You know, kisses him, to make everyone uncomfortable.

She adds a certain aspect to the film that just is unmatched by any female role I have ever watched.  And to those who say that she needed to be rescued by Cap a good few times:  Well, she asks if he would trust her to save his life, and he says absolutely yes.  They are in every respect a team, and then she goes on her own way, knocking the crap out of Robert Redford, who on his own is a good enough villain without needing any powers to make you at least somewhat afraid of him.  He managed to infiltrate something meant to protect America.  He had The Winter Soldier in his house and asked him if he wanted milk.  Does he seem like the kind of guy who just want’s milk? I am just saying.  The score for The Winter Soldier is absolutely amazing, by the way, and it is good enough to give you chills when you see that metal arm come onto the screen, as with all of the soundtracks in general.  The movie quality itself was utterly fantastic, and it didn’t look cheap.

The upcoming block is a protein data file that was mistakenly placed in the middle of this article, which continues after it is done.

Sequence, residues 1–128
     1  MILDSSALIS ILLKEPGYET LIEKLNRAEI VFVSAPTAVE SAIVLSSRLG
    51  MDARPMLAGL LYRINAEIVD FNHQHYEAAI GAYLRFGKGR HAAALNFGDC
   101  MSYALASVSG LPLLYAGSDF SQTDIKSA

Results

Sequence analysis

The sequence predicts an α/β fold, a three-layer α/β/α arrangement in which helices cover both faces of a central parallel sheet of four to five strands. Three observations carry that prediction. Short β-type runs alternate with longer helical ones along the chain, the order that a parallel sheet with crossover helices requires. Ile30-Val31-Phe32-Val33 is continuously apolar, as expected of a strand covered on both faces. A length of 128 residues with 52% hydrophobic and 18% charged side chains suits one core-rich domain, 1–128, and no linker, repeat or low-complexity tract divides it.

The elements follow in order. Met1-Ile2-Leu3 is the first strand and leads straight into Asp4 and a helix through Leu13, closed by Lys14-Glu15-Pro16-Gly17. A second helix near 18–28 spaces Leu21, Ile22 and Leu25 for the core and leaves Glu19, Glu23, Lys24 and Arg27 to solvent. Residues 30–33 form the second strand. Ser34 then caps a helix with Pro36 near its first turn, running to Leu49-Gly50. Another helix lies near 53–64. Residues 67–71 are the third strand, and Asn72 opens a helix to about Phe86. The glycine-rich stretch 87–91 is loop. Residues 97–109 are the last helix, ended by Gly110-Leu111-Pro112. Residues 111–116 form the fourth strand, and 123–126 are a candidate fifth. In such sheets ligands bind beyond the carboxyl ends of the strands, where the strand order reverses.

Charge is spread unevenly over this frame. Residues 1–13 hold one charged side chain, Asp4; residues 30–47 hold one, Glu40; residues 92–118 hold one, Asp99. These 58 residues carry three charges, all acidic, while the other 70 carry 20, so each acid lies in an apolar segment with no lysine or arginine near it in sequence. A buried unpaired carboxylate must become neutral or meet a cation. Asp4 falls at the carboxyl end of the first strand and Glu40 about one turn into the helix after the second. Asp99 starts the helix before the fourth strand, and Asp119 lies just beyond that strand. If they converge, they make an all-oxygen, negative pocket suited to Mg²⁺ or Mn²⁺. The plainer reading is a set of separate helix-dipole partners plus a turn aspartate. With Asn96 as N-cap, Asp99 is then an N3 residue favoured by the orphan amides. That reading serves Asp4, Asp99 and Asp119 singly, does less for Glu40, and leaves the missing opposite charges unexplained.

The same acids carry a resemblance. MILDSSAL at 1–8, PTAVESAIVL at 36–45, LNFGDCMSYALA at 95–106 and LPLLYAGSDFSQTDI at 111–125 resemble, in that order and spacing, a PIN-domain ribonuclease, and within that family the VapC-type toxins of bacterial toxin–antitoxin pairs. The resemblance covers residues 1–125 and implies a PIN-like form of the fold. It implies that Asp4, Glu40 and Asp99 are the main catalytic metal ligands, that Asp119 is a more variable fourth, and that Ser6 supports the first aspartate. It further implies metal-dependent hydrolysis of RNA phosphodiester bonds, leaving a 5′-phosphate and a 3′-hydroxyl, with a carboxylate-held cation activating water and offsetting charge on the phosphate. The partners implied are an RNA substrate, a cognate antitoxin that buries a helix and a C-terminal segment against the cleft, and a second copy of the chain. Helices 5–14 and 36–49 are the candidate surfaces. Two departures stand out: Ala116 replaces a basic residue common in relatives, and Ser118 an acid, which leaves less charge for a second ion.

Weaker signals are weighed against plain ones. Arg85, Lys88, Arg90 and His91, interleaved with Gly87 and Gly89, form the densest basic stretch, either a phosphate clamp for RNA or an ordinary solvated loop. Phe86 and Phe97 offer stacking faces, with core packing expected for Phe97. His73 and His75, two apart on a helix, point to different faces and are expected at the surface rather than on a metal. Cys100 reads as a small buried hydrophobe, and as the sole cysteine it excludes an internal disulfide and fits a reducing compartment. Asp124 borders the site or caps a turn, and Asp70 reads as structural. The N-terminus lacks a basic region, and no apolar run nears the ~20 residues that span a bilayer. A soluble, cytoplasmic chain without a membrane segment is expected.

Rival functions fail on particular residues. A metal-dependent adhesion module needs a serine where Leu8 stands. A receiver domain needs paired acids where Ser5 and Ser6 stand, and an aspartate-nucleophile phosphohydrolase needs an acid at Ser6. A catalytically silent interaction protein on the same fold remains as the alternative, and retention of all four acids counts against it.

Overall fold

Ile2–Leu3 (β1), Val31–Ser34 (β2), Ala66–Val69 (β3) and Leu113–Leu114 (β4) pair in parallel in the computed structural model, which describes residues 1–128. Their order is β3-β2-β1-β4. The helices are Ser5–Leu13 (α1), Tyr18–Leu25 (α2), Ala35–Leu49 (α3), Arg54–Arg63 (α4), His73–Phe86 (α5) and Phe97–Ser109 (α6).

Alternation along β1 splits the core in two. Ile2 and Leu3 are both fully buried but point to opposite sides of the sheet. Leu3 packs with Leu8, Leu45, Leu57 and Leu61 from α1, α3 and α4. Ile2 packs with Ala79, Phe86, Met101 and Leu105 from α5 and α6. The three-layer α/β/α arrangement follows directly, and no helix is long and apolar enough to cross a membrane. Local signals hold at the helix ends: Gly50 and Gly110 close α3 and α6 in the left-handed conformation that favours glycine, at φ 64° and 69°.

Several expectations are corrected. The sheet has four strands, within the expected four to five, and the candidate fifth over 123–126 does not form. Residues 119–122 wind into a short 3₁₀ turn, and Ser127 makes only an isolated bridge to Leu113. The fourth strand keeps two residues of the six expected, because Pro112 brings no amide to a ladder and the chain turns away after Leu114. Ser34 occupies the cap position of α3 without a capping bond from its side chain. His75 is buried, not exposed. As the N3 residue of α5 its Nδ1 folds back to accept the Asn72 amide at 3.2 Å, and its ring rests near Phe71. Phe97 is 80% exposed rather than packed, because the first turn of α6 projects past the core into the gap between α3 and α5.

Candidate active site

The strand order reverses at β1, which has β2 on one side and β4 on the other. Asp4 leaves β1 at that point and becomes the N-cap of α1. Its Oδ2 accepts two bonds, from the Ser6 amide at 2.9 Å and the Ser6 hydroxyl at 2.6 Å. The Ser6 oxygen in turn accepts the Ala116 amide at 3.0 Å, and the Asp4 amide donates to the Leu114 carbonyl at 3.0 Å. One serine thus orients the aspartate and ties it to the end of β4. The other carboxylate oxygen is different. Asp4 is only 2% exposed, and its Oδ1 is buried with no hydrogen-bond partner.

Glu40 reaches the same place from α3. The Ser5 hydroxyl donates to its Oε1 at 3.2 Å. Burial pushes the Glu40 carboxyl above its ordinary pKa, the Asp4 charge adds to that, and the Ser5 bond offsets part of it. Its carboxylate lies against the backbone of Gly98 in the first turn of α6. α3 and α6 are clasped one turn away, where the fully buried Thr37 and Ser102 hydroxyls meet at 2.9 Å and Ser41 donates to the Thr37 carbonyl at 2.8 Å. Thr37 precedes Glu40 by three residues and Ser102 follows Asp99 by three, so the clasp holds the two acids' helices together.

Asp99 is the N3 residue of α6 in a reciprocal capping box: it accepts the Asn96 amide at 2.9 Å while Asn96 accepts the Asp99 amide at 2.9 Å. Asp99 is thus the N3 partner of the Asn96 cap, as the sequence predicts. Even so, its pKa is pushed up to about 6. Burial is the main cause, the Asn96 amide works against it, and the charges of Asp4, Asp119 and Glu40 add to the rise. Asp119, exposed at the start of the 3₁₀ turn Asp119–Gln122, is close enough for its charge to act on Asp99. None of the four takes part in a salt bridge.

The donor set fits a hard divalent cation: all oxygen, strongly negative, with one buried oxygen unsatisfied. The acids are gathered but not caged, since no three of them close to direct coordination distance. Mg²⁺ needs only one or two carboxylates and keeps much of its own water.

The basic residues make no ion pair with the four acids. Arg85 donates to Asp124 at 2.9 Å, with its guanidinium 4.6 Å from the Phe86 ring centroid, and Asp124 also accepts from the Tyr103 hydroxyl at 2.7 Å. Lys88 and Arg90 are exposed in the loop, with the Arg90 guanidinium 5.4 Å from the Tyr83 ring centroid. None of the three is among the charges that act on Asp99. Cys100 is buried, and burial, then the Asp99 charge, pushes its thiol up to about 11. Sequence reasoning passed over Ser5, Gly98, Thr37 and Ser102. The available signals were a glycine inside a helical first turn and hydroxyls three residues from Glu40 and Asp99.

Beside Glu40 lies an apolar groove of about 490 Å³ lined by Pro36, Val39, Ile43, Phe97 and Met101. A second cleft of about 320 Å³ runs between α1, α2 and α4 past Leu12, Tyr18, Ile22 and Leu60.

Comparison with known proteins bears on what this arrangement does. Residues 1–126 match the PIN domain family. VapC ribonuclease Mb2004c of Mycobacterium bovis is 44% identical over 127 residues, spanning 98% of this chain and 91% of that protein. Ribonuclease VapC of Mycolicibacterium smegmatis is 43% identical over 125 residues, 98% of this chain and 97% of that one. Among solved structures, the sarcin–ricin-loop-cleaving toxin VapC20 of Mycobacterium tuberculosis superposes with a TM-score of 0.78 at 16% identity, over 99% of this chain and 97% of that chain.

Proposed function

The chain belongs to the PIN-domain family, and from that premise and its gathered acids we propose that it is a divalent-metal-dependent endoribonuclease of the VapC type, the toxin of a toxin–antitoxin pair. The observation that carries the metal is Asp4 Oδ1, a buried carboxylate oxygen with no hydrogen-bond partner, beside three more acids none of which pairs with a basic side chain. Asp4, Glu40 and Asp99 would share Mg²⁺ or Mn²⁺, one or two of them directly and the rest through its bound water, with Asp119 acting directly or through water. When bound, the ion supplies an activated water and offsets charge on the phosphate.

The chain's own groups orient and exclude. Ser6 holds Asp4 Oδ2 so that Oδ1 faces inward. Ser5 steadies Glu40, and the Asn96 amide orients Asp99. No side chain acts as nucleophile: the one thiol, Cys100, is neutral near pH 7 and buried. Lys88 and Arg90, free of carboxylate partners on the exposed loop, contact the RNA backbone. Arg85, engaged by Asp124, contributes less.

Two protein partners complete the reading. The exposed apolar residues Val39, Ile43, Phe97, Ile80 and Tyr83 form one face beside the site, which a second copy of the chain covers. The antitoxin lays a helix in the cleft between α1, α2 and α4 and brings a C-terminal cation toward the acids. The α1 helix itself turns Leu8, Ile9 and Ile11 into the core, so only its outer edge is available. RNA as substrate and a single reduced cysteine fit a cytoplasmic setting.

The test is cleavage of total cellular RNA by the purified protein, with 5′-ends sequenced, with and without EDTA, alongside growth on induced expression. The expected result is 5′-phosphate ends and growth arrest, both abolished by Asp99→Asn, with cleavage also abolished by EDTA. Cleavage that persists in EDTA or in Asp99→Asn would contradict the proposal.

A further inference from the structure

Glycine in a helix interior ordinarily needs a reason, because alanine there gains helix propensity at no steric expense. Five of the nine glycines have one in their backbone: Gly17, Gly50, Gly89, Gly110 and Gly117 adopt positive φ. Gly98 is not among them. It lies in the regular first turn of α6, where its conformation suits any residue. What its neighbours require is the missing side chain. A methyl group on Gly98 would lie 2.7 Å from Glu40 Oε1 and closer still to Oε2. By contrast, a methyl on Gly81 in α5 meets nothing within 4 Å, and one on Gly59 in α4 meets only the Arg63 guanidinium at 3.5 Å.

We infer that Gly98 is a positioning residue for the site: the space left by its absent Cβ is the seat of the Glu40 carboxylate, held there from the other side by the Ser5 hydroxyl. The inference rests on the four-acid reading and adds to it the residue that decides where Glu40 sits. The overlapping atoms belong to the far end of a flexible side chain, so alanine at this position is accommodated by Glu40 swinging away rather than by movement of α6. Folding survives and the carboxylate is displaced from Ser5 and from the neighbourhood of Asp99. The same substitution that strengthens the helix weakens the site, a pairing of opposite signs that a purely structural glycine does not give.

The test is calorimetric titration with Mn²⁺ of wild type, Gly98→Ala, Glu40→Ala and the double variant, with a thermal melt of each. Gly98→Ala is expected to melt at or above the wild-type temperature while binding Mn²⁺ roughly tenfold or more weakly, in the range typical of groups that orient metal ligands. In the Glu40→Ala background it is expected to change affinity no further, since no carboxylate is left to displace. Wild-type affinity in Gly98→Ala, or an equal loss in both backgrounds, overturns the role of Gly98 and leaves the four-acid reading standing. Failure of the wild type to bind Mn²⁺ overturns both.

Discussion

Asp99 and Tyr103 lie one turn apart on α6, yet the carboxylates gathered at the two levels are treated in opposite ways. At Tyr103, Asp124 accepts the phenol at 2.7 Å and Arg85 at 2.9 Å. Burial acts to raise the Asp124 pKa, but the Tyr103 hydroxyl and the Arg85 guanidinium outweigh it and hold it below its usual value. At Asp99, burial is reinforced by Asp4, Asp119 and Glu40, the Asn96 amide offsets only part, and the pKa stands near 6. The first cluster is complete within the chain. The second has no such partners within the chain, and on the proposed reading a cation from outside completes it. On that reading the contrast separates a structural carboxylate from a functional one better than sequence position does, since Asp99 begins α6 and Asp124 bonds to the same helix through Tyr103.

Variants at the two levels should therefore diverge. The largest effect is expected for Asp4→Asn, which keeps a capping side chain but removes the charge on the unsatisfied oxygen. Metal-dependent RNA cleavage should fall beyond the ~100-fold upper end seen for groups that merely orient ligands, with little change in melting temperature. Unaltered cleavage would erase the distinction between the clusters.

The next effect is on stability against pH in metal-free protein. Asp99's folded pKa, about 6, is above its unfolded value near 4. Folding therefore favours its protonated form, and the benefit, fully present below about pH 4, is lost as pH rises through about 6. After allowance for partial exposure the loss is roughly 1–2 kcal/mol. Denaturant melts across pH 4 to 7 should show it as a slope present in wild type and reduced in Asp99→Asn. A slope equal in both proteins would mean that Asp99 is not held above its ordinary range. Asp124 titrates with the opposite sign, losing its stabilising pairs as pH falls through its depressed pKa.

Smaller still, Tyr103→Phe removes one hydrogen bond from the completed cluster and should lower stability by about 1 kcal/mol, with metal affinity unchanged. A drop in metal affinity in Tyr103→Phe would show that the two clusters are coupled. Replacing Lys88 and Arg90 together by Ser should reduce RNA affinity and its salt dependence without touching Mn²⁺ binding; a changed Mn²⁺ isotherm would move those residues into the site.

But then, you know, there’s that third team member… what is his name?

Oh yeah, that guy who had like, 4 minutes of screen time in his actual costume.

I kid Falcon’s screen time, but I do feel as though he was a bit underused in the main “Destroy ALL the Helicarriers!” main scene.  I think even when he went down they could have done him a bit more justice (although, he is funny).  I just.. I don’t know.  It felt lacking to me with Falcon.  I can only hope they use him a bit more in the next film (if at all), because he felt like a guy we just got to know, and then, oh shit… his wing is broken.  Well, there goes that.  Overall, though, he was an awesome addition to Captain America and thrusted a little known superhero into the national and international spotlight.

It’s filled with humanity, twists and turns, and starts the conversation in the present day.  Captain America finally takes us through real America and the real issues we face.  But the question remains: What would Cap do?